In a significant milestone for global food security, Ghana has become the 100th depositor to safeguard its precious seed collections in the renowned Svalbard Global Seed Vault. This move represents a crucial step in protecting Ghana’s vital food crops for future generations.
Ghana joins a distinguished group of 15 other institutions, including the Bonn University Botanic Gardens in Germany, also depositing for the first time. These organizations have chosen to secure duplicates of their invaluable seed collections within the confines of the Seed Vault.
For the past 15 years, the Seed Vault has welcomed genebanks from around the world, offering a safe haven for copies of their diverse seed samples. Following Ghana’s deposit, the Seed Vault now hosts “copies” of over 1.2 million seed samples from genebanks located in 74 countries. This genetic diversity is crucial for adapting agricultural systems to the challenges posed by a rapidly changing climate and other environmental factors.
The seeds deposited by Ghana originate from the Plant Genetic Resources Research Institute of the Council for Scientific and Industrial Research (CSIR-PGRRI). This collection comprises varieties of maize, rice, eggplant, and cowpea – crops that are integral to the nation’s food security, health, and cultural heritage.
Daniel Kotey, Senior Research Scientist at CSIR-PGRRI, expressed his gratitude, saying, “This, our very first safety back-up, provides a sense of relief that our collections of crop diversity are on the path to being secured in perpetuity for the benefit of all humanity. The backup also highlights the hard work of the current and past staff members of the Ghana genebank and the farmers from whom the seeds were originally collected.”
Geir Pollestad, the Norwegian Minister of Agriculture and Food, extended a warm welcome to all the gene banks participating in the October 2023 seed deposit and congratulated the Plant Genetic Resource Institute of Ghana as the 100th depositor to the Svalbard Global Seed Vault.
CSIR-PGRRI, along with national genebanks from Ethiopia, Kenya, Nigeria, and Zambia, which are also sending backups of their seed collections in October, are partners in the Seeds for Resilience project, led by the Crop Trust.
Stefan Schmitz, Executive Director of the Crop Trust, emphasized the significance of the day’s deposits, stating, “Today’s deposits mark a very significant moment in our commitment to safeguard global food supplies, and we are very proud to be working alongside so many excellent partners in this joint mission.”
Representatives from Nigeria and Zambia joined the deposit, underscoring the international collaboration. Mayowa Olubiyi, Technical Assistant Director, representing the National Centre for Genetic Resources and Biotechnology (NACGRAB) of Nigeria, commended the support from Crop Trust and KfW, saying it allowed them to deposit their seeds in the Seed Vault and enhance their national genebanks to international standards.
Maximilian Weigend, Director of the Bonn University Botanic Gardens in Germany, echoed the sentiment of hope, highlighting the value of frost-hardy varieties of lettuce, savoy cabbage, and tomato in Germany’s sustainable food production.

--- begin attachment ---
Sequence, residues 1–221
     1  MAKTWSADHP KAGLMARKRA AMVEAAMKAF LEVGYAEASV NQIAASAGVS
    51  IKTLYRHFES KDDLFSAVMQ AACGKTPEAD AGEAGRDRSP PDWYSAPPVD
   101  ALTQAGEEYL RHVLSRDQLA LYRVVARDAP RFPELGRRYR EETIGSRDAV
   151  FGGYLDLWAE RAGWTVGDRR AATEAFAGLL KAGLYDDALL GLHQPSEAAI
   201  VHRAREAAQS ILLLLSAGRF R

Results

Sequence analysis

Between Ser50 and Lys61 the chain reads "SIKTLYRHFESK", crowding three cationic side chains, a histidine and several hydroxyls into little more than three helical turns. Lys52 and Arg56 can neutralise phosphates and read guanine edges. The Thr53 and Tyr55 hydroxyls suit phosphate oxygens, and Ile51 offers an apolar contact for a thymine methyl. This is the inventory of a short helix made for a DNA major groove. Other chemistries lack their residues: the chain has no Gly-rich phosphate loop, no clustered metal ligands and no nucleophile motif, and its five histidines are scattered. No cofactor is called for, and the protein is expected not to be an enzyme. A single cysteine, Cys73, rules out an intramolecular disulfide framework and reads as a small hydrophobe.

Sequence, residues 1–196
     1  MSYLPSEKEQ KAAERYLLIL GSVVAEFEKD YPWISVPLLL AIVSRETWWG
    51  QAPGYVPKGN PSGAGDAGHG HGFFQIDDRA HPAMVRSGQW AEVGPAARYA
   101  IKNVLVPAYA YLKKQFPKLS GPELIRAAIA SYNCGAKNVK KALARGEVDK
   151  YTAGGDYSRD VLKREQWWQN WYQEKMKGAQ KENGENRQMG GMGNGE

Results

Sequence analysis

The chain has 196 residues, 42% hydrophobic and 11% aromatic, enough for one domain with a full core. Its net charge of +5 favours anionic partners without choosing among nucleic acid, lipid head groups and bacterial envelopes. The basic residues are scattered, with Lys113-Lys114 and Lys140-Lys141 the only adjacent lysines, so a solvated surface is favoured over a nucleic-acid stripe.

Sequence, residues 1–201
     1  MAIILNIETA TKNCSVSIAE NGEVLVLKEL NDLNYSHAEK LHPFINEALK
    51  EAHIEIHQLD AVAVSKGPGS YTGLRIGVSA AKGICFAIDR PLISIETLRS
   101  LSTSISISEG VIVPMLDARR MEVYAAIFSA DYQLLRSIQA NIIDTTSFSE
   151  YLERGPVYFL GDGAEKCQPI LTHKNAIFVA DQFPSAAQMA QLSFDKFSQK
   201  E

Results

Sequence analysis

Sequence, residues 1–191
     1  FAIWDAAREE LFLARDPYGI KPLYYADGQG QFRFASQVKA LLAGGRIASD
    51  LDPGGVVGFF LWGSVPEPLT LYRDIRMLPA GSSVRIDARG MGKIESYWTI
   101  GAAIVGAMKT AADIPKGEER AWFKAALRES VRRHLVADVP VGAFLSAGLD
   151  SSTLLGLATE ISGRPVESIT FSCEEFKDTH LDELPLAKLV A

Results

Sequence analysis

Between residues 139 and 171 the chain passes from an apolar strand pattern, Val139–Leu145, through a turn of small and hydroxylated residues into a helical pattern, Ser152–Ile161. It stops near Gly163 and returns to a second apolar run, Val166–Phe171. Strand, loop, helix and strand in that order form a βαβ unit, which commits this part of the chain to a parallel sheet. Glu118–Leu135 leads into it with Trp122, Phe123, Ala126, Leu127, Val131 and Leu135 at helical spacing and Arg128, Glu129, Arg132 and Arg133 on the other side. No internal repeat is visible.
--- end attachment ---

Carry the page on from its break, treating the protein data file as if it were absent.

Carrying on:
The USA Ambassador to Norway, Marc Nathanson, also visited the Seed Vault, expressing pride in supporting its mission. The United States deposited seeds representing 113 species and subspecies of vital crops essential for global food production.
Seeds from various countries, including Uruguay, Thailand, Albania, and the Czech Republic, have arrived at the Seed Vault. Kuldeep Singh, the genebank manager at the International Crops Research Institute for the Semi-Arid Tropics (ICRISAT), emphasized the importance of these seeds in developing improved crop varieties capable of withstanding the changing climate and environmental challenges.
As the world grapples with the consequences of the climate crisis, natural disasters, and conflicts, preserving crop diversity takes on unprecedented urgency. Geir Pollestad, the Norwegian Minister of Agriculture and Food, emphasized the critical importance of securing crop diversity in these challenging times.
NordGen, the organization responsible for the operational management of the Seed Vault, expressed its pride in the trust placed in their work by genebanks worldwide. Lise Lykke Steffensen, CEO of NordGen, looked forward to welcoming more depositors in the future, highlighting the importance of global cooperation in securing food diversity.
This momentous occasion showcases the dedication of countries and institutions worldwide to ensure the protection and availability of crop diversity, a critical resource for global food and nutrition security.
About the Crop Trust
The Crop Trust is an international organization dedicated to conserving crop diversity and safeguarding global food and nutrition security. It provides long-term financial support to key genebanks worldwide and coordinates projects to secure crop diversity for the benefit of everyone. The Crop Trust is integral to the funding strategy of the International Treaty on Plant Genetic Resources for Food and Agriculture. Learn more at www.croptrust.org.
NordGen is the genebank and knowledge center for genetic resources in the Nordic countries. It oversees the operational management of the Seed Vault, maintains a publicly accessible online database of stored seed samples, and communicates with genebanks worldwide. Learn more about Nordgen at www.nordgen.org/en.